According to analysis by John Curtice and Michael Steed, "only a handful of the Conservatives' losses of seats can be blamed on the intervention of the Referendum Party".[16] Their best estimate was that only four seats would have been Conservative without the Referendum Party standing. Supporters of the party contended the effect was greater: one estimate claims between 25 and 30 seats.[17]

Curtice and Steed's statistical analysis suggested that when a candidate from the Referendum Party or the UK Independence Party stood, the Conservative vote suffered, but where the candidate did well, it was by attracting people who would have voted for Labour or the Liberal Democrats.[18] Those who voted for the party held a diversity of ideological positions, with the only shared factor being their Euroscepticism.[19]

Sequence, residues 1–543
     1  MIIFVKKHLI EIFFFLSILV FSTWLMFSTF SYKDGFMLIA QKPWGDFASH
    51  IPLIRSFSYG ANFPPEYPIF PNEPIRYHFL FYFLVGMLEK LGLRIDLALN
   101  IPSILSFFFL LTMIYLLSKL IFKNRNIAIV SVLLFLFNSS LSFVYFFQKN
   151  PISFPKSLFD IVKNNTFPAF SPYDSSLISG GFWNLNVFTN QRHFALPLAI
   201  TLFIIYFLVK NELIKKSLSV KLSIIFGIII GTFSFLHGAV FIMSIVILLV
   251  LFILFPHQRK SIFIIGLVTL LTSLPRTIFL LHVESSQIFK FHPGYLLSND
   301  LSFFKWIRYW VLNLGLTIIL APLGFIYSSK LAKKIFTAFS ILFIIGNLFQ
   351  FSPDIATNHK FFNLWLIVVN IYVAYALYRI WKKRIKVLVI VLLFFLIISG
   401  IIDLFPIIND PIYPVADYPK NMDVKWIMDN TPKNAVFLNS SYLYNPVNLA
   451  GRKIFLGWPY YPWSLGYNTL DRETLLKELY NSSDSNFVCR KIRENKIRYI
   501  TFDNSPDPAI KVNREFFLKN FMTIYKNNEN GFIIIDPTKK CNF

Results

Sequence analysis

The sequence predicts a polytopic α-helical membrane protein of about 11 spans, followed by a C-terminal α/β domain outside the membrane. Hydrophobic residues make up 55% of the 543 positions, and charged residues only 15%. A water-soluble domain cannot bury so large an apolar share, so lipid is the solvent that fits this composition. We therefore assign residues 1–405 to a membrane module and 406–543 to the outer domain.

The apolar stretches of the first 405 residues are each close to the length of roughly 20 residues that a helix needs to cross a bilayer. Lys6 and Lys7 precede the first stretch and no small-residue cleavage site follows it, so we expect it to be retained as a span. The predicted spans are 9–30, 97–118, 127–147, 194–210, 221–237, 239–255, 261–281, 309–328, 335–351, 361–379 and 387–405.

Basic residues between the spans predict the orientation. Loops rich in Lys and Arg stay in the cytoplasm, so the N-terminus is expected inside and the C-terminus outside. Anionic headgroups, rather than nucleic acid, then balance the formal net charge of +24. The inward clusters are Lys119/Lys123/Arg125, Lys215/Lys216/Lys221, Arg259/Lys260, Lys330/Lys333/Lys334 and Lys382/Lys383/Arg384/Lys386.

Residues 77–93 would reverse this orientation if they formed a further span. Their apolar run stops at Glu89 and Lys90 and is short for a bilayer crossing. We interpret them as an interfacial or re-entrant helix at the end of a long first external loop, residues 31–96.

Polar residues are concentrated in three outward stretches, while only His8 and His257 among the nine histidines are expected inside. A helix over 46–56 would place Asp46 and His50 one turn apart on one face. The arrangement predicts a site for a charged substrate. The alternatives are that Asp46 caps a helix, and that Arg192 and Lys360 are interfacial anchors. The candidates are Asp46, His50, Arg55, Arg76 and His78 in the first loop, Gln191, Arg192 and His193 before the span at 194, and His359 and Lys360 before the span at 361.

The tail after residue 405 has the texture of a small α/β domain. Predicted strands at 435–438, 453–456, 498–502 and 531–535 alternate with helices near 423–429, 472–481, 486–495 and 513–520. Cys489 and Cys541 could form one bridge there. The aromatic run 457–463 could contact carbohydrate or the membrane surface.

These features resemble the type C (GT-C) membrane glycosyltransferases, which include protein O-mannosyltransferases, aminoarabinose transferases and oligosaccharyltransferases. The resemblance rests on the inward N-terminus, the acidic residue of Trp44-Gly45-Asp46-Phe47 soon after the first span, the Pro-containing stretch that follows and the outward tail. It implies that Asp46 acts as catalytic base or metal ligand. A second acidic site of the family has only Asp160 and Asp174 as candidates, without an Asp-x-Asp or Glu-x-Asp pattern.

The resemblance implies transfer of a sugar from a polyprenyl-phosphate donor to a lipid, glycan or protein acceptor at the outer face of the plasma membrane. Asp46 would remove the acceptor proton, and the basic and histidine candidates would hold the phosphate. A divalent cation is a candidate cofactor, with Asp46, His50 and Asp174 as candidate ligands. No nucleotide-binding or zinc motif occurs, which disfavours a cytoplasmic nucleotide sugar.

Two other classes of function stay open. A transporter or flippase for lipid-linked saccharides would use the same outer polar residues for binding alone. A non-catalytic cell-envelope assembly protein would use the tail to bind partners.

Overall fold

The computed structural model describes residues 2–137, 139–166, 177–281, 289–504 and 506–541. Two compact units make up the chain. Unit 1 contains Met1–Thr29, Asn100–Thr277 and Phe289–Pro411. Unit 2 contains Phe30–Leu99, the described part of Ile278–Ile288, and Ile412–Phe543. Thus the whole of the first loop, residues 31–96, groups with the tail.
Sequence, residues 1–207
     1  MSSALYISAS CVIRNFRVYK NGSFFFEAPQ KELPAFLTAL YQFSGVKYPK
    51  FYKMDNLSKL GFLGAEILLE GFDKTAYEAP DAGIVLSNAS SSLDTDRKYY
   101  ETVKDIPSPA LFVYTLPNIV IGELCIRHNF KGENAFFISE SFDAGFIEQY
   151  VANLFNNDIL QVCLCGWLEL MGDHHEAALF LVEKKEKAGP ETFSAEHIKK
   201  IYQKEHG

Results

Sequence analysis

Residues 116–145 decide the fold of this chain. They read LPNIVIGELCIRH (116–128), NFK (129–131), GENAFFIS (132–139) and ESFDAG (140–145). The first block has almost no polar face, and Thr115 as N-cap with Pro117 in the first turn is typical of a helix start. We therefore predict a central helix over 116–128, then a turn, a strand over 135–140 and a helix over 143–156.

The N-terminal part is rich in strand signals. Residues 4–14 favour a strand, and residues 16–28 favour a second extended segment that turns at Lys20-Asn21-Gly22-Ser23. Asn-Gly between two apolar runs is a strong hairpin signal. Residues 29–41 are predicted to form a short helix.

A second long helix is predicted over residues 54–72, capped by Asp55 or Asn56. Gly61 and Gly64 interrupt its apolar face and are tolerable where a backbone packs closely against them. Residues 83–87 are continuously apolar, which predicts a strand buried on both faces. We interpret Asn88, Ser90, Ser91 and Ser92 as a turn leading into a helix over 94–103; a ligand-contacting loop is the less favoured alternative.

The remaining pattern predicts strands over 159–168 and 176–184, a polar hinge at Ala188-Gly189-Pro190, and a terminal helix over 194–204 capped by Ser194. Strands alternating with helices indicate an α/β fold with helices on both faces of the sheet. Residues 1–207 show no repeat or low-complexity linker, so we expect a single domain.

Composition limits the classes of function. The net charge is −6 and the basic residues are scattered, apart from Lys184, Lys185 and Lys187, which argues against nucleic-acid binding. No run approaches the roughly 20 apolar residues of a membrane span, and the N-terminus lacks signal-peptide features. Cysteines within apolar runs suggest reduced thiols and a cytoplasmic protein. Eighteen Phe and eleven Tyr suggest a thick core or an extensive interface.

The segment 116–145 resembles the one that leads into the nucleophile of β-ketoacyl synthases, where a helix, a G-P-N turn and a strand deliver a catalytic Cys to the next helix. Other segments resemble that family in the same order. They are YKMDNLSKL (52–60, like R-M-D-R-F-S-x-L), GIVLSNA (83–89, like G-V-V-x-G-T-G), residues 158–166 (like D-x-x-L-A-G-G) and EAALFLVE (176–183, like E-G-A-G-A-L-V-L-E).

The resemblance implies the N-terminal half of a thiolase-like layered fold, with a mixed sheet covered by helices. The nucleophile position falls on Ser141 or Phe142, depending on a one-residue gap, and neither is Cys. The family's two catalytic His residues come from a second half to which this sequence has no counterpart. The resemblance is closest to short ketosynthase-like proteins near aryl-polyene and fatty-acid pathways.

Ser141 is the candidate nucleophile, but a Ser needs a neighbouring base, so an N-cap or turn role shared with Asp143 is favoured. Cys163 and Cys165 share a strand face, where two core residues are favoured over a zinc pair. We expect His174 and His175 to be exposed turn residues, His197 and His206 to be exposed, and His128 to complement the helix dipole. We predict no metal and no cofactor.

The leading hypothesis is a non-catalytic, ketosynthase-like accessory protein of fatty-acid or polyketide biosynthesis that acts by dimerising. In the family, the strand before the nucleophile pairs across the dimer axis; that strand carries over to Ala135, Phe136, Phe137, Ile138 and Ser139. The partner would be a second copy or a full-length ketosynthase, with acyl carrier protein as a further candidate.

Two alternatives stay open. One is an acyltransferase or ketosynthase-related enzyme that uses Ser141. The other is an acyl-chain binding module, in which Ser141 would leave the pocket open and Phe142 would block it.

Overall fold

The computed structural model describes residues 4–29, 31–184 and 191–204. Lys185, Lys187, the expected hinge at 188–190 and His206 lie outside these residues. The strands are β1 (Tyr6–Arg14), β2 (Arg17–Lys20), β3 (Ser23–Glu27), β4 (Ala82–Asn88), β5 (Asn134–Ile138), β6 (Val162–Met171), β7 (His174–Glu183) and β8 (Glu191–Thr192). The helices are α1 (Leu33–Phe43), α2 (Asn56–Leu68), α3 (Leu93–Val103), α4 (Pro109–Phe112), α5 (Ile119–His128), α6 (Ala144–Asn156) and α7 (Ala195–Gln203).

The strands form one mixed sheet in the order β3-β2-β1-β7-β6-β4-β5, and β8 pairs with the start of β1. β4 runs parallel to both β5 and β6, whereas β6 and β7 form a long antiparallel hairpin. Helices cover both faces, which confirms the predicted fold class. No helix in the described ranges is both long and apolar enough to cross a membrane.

Dissolution and legacy[edit]

Three months after the election, Goldsmith died, with the party collapsing shortly after.[19]

Under the direction of UKIP's leader Michael Holmes, the party's chairman Nigel Farage began recruiting former Referendum Party members to their own group; according to Farage, around 160 of the Referendum Party's candidates joined UKIP.[20] Among those to join UKIP was Jeffrey Titford, who became one of the party's first Members of the European Parliament.[21] In the 2001 general election, much of the support that had previously gone to the Referendum Party went not to UKIP but to the Conservatives, whose leader William Hague had employed Eurosceptic rhetoric throughout his campaign.[22]